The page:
Some years ago, looking up for the version number of Windows wasn’t probably of your interest, unless it was particularly necessary. With the arrival of Windows 10, they’ve become more relevant than before. Here, we will explain on how to know what version and edition of Windows you do have.
Windows always made use of build numbers. These change with every significant update of the system. Traditionally, most of us have been refering to Windows based in it’s version name. I.e. Windows XP, Vista, 7 & 8. As a part of these versions, we could find the so called “Service Packs” like Windows 7 SP1.
With Windows 10, this changes a little. On one hand, Microsoft told us that it won’t continue releasing new versions of Windows – Windows 10 as a version name stays indefinitelly – Microsoft decided to get rid of the Service Pack model, instead choosing to release semi-anual builds with their respective names. Now, if you need to refer to some specific version of Windows, the easiest way to do that is by mentioning it’s version number. There are multiple methods that helps us to check this information in Windows.
Notice: Aside build numbers, there’s also different editions inside Windows 10 – Home, Pro, Enterprise and some more – with varying features. Microsoft also offers 32-bit and 64-bit releases of Windows 10.
Let’s make a brief summary to know what each thing means.
- Edition: This indicates what edition of Windows 10 you’re running. It can be Home, Pro, Enterprise or Education. Some people are using Windows 10 Home and want to upgrade to a more feature-rich version like Windows 10 Pro. For them «this link» could be helpful.
- Version: The version number brings us the best information regarding the specific version of Windows 10 that is running in your computer. This uses a YYMM format. So, if version number is 1909 like it’s shown in the screenshot, it means that it’s from the 9th month (September) of 2019.
- OS Build: This shows the current build you’re running in a more specific way. It’s a timeline between minor compilations and the major version number releases. This information can be less relevant for many people than version numbers. Anyway, it can provide help if you need to exactly identify what’s the operating system you’re running. If you’re still curious, you can have a look at the «History of versions and builds for Windows 10» on Microsoft’s website.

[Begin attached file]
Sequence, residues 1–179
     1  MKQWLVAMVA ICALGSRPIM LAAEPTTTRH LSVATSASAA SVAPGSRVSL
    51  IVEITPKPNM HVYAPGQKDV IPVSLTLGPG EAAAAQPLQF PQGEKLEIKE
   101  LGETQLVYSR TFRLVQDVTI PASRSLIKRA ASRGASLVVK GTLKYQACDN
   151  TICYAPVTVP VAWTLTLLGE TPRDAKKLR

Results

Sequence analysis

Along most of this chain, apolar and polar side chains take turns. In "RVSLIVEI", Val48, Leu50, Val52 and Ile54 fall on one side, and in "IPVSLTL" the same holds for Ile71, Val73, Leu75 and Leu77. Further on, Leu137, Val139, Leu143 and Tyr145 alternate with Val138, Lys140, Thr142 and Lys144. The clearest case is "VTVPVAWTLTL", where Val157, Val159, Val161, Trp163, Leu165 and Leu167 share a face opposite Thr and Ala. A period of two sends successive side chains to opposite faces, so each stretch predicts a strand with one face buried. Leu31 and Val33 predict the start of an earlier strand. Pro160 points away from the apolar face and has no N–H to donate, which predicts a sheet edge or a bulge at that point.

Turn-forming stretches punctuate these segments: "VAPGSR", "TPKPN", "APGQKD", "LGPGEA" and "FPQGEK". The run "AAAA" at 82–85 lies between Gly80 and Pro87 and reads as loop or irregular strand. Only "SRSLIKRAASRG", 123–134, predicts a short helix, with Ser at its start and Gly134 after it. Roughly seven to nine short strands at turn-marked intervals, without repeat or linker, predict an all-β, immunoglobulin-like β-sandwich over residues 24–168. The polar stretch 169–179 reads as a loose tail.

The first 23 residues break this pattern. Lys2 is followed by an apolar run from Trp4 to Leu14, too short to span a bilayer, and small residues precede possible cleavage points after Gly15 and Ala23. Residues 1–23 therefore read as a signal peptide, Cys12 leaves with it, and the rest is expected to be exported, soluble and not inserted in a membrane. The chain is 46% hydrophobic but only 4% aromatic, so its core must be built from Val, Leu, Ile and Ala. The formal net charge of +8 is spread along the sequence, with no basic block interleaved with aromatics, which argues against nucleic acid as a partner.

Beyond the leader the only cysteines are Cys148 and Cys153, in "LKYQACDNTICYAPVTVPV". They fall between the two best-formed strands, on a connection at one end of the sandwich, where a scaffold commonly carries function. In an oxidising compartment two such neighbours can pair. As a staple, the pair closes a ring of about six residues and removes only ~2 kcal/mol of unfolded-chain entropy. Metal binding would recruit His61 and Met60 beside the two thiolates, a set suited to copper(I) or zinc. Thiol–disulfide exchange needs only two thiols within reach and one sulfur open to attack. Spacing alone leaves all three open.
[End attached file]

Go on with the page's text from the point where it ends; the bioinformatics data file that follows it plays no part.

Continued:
- System type: This indicates if you’re currently using the 32 bit or 64 bit version of Windows 10. I.e. a description as “32-bit operating system, x64 processor” shows that you’re using a 32-bit version of Windows, but you could install an x64 version in order to get the most of your hardware.
Check your Windows version using a keyboard shortcut.
This is the quickest approach to find what’s your Windows version, but it doesn’t work on systems prior to Windows 10.
Press the Windows key + Pause/PageBreak key (PB) in your keyboard simultaneosly.
It will open the system information window.
This is mostly self explanatory. You can have a quick look at the Windows Edition you’re running, the installed processor, available amount of physical ram (if it’s not taken by an integrated GPU), the system binaries (32 or 64 bit). If you’ve joined a domain, it will also figure in this window. If it shows that your Windows is not activated, please read «This article» before thinking about dealing with suspicious activators.
It won’t show detailed information such as the version number or the OS Build number. If you wan’t to check if your Windows has the latest updates, you need this information. So, please continue reading as we try other methods.
Find Your Edition and Build Number with the Winver Dialog
You can make use of the old and familiar winver (Windows Version) to find a part of this information. Open your Start Menu, type «winver» and then press Enter at the first coincidence. You can also press Windows key + R simultaneously and type winver in the dialog box, then press Enter to access the utility.
The second line shows you which version and build of Windows 10 you have. A couple of lines below, you can see the current Edition of Windows 10 you’re running – Windows 10 Pro in our case.
This utility doesn’t show if you’re using the 64 or 32 bit version binaries of the system, but it’s also a fast and classic method to check your version and build of Windows 10 instead of doing inside the Settings app.
Find your Windows Edition, Build Number and more with the Settings App.
One of the most common methods used to check what Windows 10 version you’re running is by using the Settings app. You can look for the build number and edition (even check if the binaries are 32 or 64 bit) with the help of an user-friendly interface.
Press Windows + I to access directly.
In the main Settings window, navigate to System » About
Slide down a little and you will see the info you’re looking for.
Check your Windows Version using Command Line (CMD)
If you’re in tune with the Windows Command Prompt, this simple command will do the trick.
When you’ve opened the command prompt by using Windows + R or typing CMD the search bar
Type systeminfo and just hit Enter.
You can easily find out the operating system name, version number and build number.
All of this information regarding version number, build, and edition can be helpful if you’re trying to confirm whether a Windows 10 installation has received an specific update or patch. Sometimes to know if it’s possible to use a feature that’s only supported in some version, or if you want to download the correct binaries for a program (64 or 32 bit)
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